Utagawa Kunisada/Toyokuni III (1786-1865) The Sixty-nine Stations of the Kisokaido Road #40: Suhara, 1852. Oban.
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Another Kunisada print from his hugely successful and prolific year of 1852. This hand crafted and extremely gory print is from a very fine series indeed that makes a laughably poor attempt to illustrate the post stations of the Kisokaido Road whilst actually presenting a sumptuous and thrilling series of actor portraits in role. A more famous 'Kisokaido' series was produced along similar lines by Kunisada’s friend and rival, Kuniyoshi in the following year. The two series are very similar and confusion can arise for the unwary!
In the Sengoku period (15th - 17th century) the shogunate developed five routes crossing the principal districts of Japan. The two most famous routes connected the government capital in Edo (Tokyo) with the Imperial capital in Kyoto. The inland, mountainous route was called the Nakasendo (the Kisokaido) and the coastal route was called the Tokaido. Each of these roads had post stations along the entire length - 53 on the Tokaido and 69 on the Kisokaido. Several artists developed a landscape genre illustrating the post stations of each route. Hokusai is perhaps the earliest in 1804, and Hiroshige the most famous. Hiroshige produced several series from the 1830’s onwards.
In 1852, Kunisada was commissioned to produce a series on the Tokaido Road using modified versions of the earlier Hiroshige series with actor portraits in the foreground. The prohibition on naming actors in woodblock prints meant that the roles only were identified. The series proved to be so popular that Kunisada quickly conceived of a second series based on the Kisokaido. This very fine series is less well known and scarcer in number than the original Tokaido series.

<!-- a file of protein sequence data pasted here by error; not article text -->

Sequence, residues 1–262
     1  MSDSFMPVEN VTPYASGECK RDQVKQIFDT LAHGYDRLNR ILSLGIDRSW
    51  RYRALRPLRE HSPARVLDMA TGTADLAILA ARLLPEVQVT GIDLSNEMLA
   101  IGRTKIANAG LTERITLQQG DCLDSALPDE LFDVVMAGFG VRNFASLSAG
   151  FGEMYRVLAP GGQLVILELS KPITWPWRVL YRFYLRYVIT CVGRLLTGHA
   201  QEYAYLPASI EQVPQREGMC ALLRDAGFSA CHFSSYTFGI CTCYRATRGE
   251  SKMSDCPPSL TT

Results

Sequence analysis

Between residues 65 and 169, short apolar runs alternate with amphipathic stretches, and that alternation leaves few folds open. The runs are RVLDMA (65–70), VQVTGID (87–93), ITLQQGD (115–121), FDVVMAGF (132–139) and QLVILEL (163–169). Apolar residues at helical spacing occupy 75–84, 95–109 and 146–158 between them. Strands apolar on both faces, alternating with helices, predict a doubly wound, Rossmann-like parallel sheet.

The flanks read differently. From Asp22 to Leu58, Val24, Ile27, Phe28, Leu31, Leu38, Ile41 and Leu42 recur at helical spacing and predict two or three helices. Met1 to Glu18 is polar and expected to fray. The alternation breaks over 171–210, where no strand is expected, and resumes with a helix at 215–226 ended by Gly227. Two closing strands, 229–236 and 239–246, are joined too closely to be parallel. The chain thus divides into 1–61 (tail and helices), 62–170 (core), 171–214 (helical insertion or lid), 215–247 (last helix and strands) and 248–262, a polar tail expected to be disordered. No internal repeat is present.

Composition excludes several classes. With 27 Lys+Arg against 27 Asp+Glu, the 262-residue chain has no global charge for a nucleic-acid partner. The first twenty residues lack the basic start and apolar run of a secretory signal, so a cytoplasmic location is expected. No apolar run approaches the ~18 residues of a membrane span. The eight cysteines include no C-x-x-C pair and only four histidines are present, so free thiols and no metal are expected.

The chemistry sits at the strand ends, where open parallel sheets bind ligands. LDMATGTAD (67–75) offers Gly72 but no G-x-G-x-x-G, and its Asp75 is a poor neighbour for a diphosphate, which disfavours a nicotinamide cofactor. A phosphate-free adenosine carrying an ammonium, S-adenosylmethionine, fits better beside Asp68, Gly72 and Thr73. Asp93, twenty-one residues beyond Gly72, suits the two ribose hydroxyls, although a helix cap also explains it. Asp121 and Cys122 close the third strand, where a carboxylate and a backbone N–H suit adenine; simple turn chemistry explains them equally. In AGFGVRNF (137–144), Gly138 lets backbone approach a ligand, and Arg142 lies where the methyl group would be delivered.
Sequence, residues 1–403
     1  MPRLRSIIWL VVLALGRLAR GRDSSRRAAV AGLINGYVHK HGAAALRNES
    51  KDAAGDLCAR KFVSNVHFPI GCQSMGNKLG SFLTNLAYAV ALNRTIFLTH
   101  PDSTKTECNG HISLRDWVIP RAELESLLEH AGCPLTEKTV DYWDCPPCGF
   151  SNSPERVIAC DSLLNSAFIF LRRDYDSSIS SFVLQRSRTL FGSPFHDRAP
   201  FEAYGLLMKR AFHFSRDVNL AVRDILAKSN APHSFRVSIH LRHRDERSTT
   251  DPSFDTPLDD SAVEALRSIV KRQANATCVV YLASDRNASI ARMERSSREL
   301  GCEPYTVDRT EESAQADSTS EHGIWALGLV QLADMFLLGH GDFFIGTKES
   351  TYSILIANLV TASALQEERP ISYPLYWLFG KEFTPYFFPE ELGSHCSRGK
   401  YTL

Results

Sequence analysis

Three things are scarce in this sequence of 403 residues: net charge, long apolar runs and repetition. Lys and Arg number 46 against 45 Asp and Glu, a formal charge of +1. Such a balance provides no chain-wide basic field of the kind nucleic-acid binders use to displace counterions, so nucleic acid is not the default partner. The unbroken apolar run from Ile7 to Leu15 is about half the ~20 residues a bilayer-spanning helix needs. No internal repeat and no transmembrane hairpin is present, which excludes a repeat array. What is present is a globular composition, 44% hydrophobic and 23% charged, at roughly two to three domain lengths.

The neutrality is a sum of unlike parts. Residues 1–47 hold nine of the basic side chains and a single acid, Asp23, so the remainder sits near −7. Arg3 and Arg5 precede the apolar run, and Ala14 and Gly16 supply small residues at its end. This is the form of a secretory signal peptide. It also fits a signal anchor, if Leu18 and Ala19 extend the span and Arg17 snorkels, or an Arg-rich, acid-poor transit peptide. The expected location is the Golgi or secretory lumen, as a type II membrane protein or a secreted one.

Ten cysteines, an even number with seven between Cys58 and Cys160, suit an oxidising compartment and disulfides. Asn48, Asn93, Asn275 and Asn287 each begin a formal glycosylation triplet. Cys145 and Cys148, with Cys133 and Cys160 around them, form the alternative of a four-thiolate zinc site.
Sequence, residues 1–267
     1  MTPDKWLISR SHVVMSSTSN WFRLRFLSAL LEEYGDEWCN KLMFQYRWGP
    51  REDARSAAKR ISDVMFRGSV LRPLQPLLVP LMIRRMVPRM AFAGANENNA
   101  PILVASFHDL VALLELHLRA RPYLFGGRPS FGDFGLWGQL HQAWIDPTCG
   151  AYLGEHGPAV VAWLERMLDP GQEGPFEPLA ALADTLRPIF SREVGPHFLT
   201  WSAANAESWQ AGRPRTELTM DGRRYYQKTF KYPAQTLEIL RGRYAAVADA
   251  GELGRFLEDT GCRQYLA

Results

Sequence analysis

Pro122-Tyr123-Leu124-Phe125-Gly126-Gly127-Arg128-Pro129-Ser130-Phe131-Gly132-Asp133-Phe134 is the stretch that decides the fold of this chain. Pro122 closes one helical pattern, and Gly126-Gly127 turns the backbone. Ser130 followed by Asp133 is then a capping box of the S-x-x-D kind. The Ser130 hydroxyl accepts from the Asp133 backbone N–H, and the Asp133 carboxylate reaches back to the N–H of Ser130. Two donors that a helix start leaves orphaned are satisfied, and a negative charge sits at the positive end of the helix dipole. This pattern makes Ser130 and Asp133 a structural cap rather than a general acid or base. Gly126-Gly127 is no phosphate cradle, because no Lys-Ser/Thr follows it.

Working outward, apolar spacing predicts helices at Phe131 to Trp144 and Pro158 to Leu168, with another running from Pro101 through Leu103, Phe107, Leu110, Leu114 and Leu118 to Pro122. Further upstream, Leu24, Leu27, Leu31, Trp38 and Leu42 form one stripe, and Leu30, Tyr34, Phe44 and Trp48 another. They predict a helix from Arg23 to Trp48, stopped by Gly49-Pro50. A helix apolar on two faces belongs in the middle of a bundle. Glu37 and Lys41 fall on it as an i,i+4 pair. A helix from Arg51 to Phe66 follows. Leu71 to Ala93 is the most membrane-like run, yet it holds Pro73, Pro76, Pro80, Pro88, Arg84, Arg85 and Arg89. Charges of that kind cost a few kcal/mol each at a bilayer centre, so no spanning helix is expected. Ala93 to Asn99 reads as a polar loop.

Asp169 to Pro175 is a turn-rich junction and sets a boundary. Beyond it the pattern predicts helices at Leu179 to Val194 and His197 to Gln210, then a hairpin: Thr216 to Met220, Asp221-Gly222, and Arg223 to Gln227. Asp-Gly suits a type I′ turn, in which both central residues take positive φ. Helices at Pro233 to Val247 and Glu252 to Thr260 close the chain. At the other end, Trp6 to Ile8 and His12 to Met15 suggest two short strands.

In this outrageous print, Kunisada shows the tragic antihero Gonpachi. Gonpachi was a Ronin - a leaderless samurai and street tough. He rescues a girl from the inn of some bandits in return for her warning him that he is to be robbed that night. Later, in the Yoshiwara district he finds the same girl, the daughter of humble grocers, now working as a prostitute in order to keep her elderly parents. Gonpachi, unable to help her this time, turns to crime and the play shows how he loses his chivalrous spirit and becomes a murderer - robbing for money to visit the brothel where he sees his lover. Unable to live with himself he commits suicide. Kunisada produced a near identical version of this print for his Tokaido Road series of 1860, complete with hand applied gore as in this piece.
This is a great print… 'singing' with colour and and depth. The tragic Gonpachi is shown played by the actor Morita Kanya XI, clutching a water dipper and plunging a sword into his own entrails. Colour and impression are superb, there are some minor marks and flaws but the condition overall is very good. The blood at the lower edge is hand applied, subtle shomenzuri is applied to the robes in contrast to the brushy outline and embossed collar. Embossing to the white robes to the lower edge. The elaborate cartouche in the upper left illustrates the paraphernalia of the role on the kabuki stage.
Published by Enshuya Hikobei.
Signed Toyokuni ga.
36 x 25 cm.